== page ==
In Alberta, the Landlords and Tenants webpage has a myriad of links including how to file a dispute, tipsheets on the rights and responsibilities of landlords and tenants, and Alberta also has a guide for download.
In Sasketchewan, the Landlords and Tenants website has information on starting a tenancy, ending a tenancy, and what to do after a tenancy is over (like how tenants get their security deposit back)
In Manitoba, you can read the Residential Tenancy Act and also contact the Residential Tenancy Branch. They offer presentations on landlord and tenant issues to schools and other community groups. They also help mediate disputes between landlords and tenants.
Ontario’s residential tenancy branch probably has one of the most comprehensive websites. Not only do they have a guide (and multiple brochures you can download), they have a chart where you can find your issue and find out what you can do about it.
Quebec has a website through the CMHC as well. Apparently in Quebec, collecting deposits is not allowed? (oh geez!)
The website is through CMHC in addition to information for tenants through the office of the Rentalsman
In Nova Scotia, has a tenant guide with the first part of the guide named “Tenant Empowerment: How to Use this Guide.” So you know that they mean business.
Newfoundland and Labrador
Last but certainly not least, the Service NL website for landlords and tenants is chock full of good information (written in a no nonsense and easy to find way) for both the tenants and the landlord.
Pick a path to prosperity
There are several ways to become a landlord. You can rent out a part of your own home, such as a basement suite, or you can purchase a second place, in which case you’ll need to decide if you want to deal with your tenants directly, or use a property management company. All the financial rewards are yours to keep if you deal with the tenants yourself, but you’ll probably find yourself devoting a lot of time and energy to maintaining the property.
Find the perfect property
Start your rental property search by looking at cities with good job and population growth so there’s a large pool of tenants to pick from. Also build a team of professionals to help you, including a good real estate lawyer, tax accountant and mortgage broker. Read books on how to buy rental property and ask friends and family to share their own landlording experiences with you.
Ultimately, the best property for you might be your own home.
Figure out what you can afford
Based on the down payment you have available, what can you afford to buy? Keep in mind that in Canada small rental properties of one to four units require a minimum down payment of 20% to qualify for a Canada Mortgage and Housing Corp. (CMHC) insured loan. How would affordability change if you increased your down payment? Don’t forget to factor in real estate closing costs and other financial commitments that you have in life—things like a new car, medical bills or daycare costs.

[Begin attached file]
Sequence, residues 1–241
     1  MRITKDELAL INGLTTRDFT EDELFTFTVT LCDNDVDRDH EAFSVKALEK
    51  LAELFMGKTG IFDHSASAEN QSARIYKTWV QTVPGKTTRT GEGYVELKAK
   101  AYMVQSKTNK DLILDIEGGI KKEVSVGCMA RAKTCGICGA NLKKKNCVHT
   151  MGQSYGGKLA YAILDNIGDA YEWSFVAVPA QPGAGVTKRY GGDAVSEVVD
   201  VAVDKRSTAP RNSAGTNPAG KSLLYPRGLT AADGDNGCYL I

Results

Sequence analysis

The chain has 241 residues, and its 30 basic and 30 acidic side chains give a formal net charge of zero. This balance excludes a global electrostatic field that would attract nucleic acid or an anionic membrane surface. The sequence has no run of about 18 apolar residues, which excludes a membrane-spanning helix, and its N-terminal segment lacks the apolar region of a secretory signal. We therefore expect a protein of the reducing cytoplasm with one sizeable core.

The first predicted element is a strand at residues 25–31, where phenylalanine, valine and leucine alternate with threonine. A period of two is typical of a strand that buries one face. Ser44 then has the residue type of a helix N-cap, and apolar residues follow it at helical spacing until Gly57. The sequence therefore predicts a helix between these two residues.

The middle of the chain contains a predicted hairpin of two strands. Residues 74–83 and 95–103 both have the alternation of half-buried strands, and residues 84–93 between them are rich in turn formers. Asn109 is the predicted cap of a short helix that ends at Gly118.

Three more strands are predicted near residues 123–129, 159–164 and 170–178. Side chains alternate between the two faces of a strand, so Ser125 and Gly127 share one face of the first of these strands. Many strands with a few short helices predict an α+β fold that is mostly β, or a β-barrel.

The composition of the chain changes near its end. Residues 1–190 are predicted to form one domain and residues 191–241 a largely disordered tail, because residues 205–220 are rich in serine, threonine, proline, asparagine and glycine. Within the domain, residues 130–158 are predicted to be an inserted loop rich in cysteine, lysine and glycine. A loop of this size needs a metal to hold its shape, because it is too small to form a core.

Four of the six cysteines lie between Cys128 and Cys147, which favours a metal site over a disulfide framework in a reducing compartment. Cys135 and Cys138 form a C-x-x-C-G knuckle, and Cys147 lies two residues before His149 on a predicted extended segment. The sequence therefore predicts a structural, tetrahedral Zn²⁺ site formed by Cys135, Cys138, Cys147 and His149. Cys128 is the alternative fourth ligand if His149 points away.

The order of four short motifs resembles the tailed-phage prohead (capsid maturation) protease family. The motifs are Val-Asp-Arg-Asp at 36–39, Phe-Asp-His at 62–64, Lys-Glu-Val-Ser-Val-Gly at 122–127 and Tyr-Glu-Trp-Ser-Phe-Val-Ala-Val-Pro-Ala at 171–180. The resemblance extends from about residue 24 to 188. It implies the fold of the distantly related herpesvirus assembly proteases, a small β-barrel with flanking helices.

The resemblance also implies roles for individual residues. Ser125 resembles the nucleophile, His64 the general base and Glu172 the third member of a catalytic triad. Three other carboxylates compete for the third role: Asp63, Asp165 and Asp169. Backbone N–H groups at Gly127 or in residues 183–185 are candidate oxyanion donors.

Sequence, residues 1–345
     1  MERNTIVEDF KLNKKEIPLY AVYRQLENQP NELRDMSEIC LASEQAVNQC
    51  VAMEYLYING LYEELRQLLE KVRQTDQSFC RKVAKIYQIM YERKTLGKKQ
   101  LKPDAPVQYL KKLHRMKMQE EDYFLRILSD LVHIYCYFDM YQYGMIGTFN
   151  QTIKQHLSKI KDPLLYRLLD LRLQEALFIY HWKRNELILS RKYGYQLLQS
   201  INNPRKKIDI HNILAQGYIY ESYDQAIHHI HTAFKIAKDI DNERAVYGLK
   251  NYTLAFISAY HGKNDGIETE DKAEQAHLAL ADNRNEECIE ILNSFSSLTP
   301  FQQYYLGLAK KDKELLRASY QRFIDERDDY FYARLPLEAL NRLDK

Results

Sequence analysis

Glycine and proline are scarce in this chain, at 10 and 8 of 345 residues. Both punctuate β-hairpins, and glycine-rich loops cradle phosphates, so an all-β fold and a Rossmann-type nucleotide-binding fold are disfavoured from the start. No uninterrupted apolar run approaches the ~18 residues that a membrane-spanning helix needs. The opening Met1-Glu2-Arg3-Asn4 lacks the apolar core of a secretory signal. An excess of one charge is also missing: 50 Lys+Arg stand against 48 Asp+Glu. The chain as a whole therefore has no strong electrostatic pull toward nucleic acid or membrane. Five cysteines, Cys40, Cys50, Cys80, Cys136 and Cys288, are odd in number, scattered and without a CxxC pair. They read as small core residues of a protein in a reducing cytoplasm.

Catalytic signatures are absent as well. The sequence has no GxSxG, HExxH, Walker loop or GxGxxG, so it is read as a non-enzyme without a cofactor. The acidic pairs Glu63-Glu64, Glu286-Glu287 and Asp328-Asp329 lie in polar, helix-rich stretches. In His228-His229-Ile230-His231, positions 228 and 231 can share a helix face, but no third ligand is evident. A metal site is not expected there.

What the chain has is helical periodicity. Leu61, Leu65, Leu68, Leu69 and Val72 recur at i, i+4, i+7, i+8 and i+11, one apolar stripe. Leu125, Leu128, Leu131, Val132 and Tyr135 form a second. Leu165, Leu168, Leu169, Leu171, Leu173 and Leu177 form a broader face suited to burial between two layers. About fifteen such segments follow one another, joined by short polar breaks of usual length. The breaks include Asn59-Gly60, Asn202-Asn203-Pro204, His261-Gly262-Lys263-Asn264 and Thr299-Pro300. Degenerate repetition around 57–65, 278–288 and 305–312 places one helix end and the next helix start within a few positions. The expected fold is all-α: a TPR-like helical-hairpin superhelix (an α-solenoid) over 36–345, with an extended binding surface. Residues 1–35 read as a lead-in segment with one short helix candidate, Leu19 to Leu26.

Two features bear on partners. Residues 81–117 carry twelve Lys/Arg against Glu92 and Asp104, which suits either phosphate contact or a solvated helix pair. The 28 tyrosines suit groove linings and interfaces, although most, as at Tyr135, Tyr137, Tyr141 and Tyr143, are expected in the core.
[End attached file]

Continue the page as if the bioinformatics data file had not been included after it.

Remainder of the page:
Of course, some investors are so keen to get in the game that they’ll put just 5% down on a property, or they’ll use credit card cash advances to scrape together a down payment. Don’t do it. “Lenders want you to have some skin in the game,” says Marc Lamontagne, a fee-only adviser with Ryan Lamontagne Inc. in Ottawa. “So down payments under 20% for investment properties are rare. Lenders don’t want to be left on the hook if cash flow turns negative.”
Run the numbers
Before buying anything, ask yourself whether you can still make money, given that prices in many parts of Canada are high. “There’s more than one way to assess a property, but ensuring that it’s cash-flow positive from day one is the ideal,” says Lamontagne. “Don’t count on appreciation in price for your investment return. That’s just speculation.”
Once you know your down payment, it’s time to look at what rents and expenses will be like for the properties you are considering. That means looking at total annual rental income less all expenses (typically mortgage interest, property taxes, insurance and utilities). Put all of this information into a cash flow statement, and the number you get when you subtract expenses from income will show either a positive cash flow (meaning you’re making money) or negative cash flow (you’re losing money).
Some investors will argue that it’s fine to lose a bit of money each month because the tenants are paying your mortgage. But this line of thinking is a slippery slope to losses, because there will be items you can’t control—like rising mortgage rates, major repairs and unpaid rents—that can cost you thousands. You have to think of it as you would any small business, If a small business is in the red, that’s not a good thing, and neither is it for a rental property—whether tenants are paying your mortgage or not.